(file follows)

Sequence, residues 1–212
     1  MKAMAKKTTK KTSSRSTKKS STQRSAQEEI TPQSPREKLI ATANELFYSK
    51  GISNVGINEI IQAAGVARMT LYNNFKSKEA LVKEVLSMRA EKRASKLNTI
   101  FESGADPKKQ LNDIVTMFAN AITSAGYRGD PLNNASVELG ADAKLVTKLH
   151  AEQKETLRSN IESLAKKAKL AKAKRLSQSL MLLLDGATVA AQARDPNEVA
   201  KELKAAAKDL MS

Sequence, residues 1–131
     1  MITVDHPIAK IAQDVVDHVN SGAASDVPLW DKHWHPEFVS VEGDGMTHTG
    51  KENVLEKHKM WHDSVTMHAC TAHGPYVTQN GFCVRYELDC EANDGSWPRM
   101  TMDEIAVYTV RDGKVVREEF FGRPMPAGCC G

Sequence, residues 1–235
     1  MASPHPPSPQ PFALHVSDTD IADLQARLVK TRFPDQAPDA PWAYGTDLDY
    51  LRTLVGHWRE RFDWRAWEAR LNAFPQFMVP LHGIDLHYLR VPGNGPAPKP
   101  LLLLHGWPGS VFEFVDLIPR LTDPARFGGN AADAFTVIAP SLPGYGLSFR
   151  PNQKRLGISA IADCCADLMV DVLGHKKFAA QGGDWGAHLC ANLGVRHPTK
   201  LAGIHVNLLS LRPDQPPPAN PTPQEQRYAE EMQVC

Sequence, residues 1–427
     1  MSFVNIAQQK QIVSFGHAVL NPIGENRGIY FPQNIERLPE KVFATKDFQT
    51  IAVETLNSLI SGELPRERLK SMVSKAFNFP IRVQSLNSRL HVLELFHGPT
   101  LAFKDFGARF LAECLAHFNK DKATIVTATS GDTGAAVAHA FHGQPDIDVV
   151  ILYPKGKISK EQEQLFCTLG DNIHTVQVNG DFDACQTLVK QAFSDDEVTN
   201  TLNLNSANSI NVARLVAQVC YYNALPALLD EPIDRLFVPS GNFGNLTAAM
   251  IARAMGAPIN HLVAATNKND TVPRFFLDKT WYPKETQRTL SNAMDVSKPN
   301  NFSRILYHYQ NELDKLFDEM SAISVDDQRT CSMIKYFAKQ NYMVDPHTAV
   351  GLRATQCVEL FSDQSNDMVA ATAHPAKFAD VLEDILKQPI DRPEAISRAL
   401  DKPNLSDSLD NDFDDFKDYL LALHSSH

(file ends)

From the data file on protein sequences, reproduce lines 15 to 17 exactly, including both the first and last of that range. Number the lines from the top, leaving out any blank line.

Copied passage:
   151  PNQKRLGISA IADCCADLMV DVLGHKKFAA QGGDWGAHLC ANLGVRHPTK
   201  LAGIHVNLLS LRPDQPPPAN PTPQEQRYAE EMQVC

Sequence, residues 1–427